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Cancer Cells More Than Just Proliferate, Overuse Blood Sugar To Evade Immune System [VIDEO]

High Blood Sugar Necessary for Tumor Growth and Immune System Evasion
New study shows that a tumor's overuse protects it form immune system attack. Sugar | Uwe Hermann/Creative C

We all love a sweet treat every now and then, but according to a new study, cancerous tumor cells tend to overdo it.

While there are many advanced cancer treatments today, the body's immune system can still deal with cancer on its own. The new research suggests that cancerous cells in tumors damage immune response cells by using up all of the sugar in the blood.

Tumors are known to redirect blood flow and encourage increases of sugar in the blood to promote their growth. Tumors will often grow around a high density of blood vessels to make sure that much of the blood's nutrients, including sugar, can get to cancer cells instead of normal cells.

However, the study suggests that this habit of tumors is not simply to promote their growth, but also to promote their safety from attacks by the body's immune system. The major part of the immune system that targets tumors are T cells.

T cells work by targeting disease-causing agents so that other cells in the immune system know to destroy the foreigners. They work by first binding to the foreign agent and then releasing inflammatory agents to mark the spot and call over other operative parts of the immune system to aid in destroying the agent.

To make inflammatory chemicals, the T cell needs sugar, as the inflammatory chemical is a byproduct of the cell's energy use. However, if a tumor is using up all of the nearby sugar, the T cell may get to the tumor, but never be able to release the chemical to alert the rest of the body so that it can be defeated.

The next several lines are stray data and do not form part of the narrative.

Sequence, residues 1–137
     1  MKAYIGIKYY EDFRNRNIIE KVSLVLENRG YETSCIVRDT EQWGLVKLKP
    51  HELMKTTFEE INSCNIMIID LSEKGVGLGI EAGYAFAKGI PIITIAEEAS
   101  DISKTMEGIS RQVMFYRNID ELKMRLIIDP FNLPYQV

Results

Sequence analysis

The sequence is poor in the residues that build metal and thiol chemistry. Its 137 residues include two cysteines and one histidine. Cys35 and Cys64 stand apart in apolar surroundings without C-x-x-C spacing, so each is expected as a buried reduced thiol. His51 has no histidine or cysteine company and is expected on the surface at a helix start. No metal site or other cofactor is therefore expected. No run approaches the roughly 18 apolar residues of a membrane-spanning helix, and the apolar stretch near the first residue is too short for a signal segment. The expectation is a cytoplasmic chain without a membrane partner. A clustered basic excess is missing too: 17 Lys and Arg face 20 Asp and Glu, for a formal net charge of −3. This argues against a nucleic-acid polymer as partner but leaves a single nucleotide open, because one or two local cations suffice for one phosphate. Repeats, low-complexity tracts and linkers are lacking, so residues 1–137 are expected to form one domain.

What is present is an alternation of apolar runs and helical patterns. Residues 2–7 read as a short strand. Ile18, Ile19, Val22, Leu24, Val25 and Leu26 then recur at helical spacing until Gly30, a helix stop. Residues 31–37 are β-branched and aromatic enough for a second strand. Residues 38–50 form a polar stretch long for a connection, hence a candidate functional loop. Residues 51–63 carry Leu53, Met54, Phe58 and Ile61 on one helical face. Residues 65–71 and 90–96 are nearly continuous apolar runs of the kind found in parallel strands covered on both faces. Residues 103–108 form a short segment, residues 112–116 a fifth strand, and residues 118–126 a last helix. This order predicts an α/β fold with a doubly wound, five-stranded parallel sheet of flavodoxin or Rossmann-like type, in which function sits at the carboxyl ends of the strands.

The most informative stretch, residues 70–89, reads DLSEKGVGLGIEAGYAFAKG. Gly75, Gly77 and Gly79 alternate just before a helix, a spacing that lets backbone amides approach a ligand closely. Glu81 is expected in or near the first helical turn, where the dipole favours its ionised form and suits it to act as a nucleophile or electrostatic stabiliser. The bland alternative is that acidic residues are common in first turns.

During the study, T cells grown with and without tumor cells were tested for sugar utilization. Researchers found that in the absence of tumor cells, sugar levels were higher and there was more usage of the sugar by the T cells. They found that T cells grown with tumor cells did not utilize sugar at all, and there was nearly no sugar left in the experiment, indicating that the tumor had used all of it. However, the T cells did manage to survive the lack of sugar usage by using an alternate path for energy production. This alternate path allows the cells to survive without sugar, something which tumor cells cannot do.

Previous studies have shown that sugar deprivation causes almost immediate death in tumor cells. The lack of glucose in the tumor and surrounding normal cells causes an increase in blood oxygen levels. Oxygen is poisonous for tumors, as they cannot utilize the compound that normal cells use, ultimately dying from exposure.

A tumor's effects on T cells can be reversed. When T cells grown with tumor cells were given extra sugar, they functioned normally and made the inflammatory chemical to mark the tumor cell for destruction.

Perhaps the adaptability of T cells and rigidity of the use of sugar for tumor cells can be used to a cancer patient's advantage. The researchers found that without sugar, the T cells could survive but would not make the inflammatory chemical. This is important because if, during treatment, extra sugar is provided for T cells, they can continue to function normally.

Dr. Erika L. Pearce, Ph.D., an author on this study, said, "It's like an on-off switch, and all we need to do to flip it is change the availability of sugar," adding that T cells are adaptable and regain function in optimal conditions, "...we might be able to find a way to put the fight back into those T cells."

 

Source: Chang C, Curtis JD, Maggi LB, et al. Posttranscriptional Control of T Cell Effetor Function by Aerobic Glycolysis. Cell. 2013.

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